A: Most people know they need a router to connect to the Internet. Few understand what a router is or does.
The primary purpose of a router is to connect one network with another. In most cases, this is to connect the network of your Internet Service Provider (ISP) (cable, DSL, microwave, etc.) with your home or office Local Area Network (LAN).
But a router can provide more services and features, including:
- Firewall, to help prevent criminal hackers and bots from accessing your LAN and devices.
- Wi-Fi, to allow wireless devices to connect with your LAN and other devices such as printers or file sharing.
- Guest Wi-Fi, to allow devices that have not passed a security audit and those belonging to visitors internet access without joining the main network and putting your devices at risk of malware.
- Greater bandwidth. As a general rule, the router provided by your ISP is like driving a single lane street with a 25mph limit. 3rd-party routers may have much greater bandwidth, more like a 8 lane highway with a 75mph limit.
There are over a hundred different router products available, making the decision difficult for the consumer. It doesn't help any that most vendors speak technobabble when describing feature sets. Although we haven't tested all available units, we have found a couple that are clear leaders in the pack.
Up until a year ago I recommended the ASUS RT-AC5300 for both home and business. I still recommend this unit for small homes, but for larger homes and for business, and homes that require greater security, I now have another option. The ASUS beats almost all competitors with a router + Wi-Fi combo:
- Massive bandwidth. There is almost no competition to the tri-band, 5,300mbs this beast brings to the table.
- Multiple simultaneous connections. Most routers will accept a maximum of 10-20 simultaneous connections. A few will go as high as 50. I've had up to 200 devices connected at one time to the ASUS.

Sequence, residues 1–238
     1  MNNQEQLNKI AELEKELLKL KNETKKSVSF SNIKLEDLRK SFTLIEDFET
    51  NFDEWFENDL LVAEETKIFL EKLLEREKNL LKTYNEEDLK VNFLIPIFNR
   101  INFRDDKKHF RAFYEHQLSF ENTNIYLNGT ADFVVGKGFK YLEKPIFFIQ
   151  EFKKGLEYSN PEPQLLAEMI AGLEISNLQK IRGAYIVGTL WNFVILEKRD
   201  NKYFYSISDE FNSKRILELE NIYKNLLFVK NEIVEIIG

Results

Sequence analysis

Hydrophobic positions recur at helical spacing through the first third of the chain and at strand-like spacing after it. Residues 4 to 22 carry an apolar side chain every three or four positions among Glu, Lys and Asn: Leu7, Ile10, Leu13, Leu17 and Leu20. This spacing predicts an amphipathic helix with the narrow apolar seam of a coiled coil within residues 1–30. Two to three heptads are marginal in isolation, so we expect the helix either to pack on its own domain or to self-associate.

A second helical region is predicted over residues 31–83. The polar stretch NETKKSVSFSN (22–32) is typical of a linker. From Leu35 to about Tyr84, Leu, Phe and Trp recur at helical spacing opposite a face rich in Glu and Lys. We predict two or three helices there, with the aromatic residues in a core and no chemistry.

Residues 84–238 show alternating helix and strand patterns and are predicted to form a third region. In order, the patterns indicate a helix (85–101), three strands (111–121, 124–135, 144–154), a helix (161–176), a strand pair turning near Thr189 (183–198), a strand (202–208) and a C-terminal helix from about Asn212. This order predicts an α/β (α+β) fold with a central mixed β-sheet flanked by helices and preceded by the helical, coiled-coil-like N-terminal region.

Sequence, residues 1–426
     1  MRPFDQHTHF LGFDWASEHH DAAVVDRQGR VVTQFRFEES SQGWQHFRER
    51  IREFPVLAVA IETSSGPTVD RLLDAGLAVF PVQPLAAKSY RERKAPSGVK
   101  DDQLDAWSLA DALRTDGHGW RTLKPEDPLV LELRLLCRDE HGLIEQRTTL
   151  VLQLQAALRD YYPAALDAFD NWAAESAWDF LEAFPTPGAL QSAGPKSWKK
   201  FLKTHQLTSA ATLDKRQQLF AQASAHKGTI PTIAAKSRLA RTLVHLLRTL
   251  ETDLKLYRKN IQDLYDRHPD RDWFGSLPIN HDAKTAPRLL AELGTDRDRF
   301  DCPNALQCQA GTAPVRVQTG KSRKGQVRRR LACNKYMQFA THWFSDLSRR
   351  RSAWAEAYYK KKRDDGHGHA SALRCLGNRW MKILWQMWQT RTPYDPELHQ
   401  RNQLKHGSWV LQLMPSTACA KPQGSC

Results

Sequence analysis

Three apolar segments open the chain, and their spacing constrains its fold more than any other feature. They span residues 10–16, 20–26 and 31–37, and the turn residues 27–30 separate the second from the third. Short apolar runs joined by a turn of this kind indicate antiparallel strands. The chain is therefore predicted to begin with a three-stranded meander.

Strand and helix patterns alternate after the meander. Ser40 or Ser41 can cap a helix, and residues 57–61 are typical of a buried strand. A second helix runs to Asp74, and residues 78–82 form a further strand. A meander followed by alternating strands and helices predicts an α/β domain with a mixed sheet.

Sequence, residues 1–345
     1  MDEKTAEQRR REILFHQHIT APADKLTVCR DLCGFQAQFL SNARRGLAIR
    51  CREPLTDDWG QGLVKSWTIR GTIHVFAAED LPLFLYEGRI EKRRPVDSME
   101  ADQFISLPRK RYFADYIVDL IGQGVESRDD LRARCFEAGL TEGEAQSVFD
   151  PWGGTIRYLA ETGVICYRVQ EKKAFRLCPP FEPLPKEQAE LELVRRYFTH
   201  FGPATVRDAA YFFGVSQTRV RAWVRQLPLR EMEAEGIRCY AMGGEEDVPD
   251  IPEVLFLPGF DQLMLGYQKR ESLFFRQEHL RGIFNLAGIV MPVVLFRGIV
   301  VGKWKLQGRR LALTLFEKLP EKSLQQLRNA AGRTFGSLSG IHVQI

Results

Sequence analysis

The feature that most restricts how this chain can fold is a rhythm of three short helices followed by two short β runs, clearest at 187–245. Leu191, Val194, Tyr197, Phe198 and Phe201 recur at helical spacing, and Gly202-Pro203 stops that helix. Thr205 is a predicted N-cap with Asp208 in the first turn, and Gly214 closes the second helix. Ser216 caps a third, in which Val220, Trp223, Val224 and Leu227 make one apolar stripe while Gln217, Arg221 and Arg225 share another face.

- Practical reach. The industry standard for Wi-Fi is up to 100m line of sight reach between the router and the device. I've seen better reach with the ASUS than most of the competition.
- Security. The ASUS includes Trend Micro Intrusion Protection Service, actively blocking intruders to your network. It also blocks malware from jumping from an infected device to another device on the network.
- Extenders. Should your location need greater reach, ASUS has the AC1900 Extender. Using up to 100m ethernet between the router and extender, you can cover even the largest of homes with full Wi-Fi.
For business and homes that require greater coverage or security, I now recommend the OpenMesh line of products, including routers, switches, and Wi-Fi access points. I'm fond of OpenMesh because:
- Each of their products can be accessed, managed, and updated from anywhere on the internet through a single portal window. This typically pays for itself the very first time used, as a technician can remote in and resolve the problem while you are on the phone with them, instead of waiting for an on-site visit.
- Each of their products checks for firmware updates daily. Few products in this price range do this, instead the competitors opt for manual updates (which simply are never done). Without updates, a network device offers an open door to criminal hackers, bots, malware, etc. This feature pays for itself after just a few months, as the technician isn't needed to perform updates.
- Security. OpenMesh products are built with enterprise-level security, as opposed to consumer-level security.
- Wi-Fi access points can have up to 4 different SSID's (network names). This allows easy segmenting of the network for multiple departments, guests, etc.
- Power Over Ethernet (PoE). The Wi-Fi access points don't require a power cord - power is supplied over the ethernet cable from the router or switch. This allows far more flexible installation (don't need to be near a power outlet) and less expensive installation (no need to install a power outlet).
- Unlimited expansion. Not only can a network be built to provide full coverage for the largest of homes or offices, but an unlimited number of networks can be connected together via built-in VPN so that a world-wide network of locations appears and functions as one network.
If I had to pick just one router, I would always go for the OpenMesh. Although a bit more expensive than consumer-level products, it will easily pay for itself in less than a year, provide greater security, and the ability to remotely monitor, configure, and upgrade is unbeatable.